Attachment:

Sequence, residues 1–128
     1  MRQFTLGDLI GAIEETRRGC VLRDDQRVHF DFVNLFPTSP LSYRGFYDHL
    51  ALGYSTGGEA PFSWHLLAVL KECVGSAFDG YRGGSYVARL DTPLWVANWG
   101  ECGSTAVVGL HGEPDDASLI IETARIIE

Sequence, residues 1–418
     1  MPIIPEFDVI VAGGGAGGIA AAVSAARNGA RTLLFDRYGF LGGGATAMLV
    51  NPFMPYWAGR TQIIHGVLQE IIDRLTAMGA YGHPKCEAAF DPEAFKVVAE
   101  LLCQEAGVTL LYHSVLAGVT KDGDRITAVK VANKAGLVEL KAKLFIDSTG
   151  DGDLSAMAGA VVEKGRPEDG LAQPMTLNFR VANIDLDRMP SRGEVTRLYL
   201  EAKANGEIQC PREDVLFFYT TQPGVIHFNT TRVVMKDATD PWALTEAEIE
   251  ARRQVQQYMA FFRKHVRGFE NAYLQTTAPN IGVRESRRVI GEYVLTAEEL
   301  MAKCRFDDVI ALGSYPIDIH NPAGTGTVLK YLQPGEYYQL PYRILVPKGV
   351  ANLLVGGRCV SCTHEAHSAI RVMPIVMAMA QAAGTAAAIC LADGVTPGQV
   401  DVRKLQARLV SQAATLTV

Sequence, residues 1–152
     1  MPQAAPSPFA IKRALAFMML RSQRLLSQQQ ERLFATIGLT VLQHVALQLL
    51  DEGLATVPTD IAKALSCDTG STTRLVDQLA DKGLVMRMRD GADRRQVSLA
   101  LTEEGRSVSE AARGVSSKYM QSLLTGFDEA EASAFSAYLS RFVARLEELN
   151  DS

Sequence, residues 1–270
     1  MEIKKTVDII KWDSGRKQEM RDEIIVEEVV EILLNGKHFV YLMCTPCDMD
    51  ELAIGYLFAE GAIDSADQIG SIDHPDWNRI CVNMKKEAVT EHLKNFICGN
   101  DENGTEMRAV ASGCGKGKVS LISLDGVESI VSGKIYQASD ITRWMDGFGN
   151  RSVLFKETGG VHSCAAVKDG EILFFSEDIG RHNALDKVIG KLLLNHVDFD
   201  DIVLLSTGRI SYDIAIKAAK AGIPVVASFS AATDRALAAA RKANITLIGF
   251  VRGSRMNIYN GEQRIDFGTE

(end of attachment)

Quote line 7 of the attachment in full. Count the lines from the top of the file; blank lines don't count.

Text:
    51  NPFMPYWAGR TQIIHGVLQE IIDRLTAMGA YGHPKCEAAF DPEAFKVVAE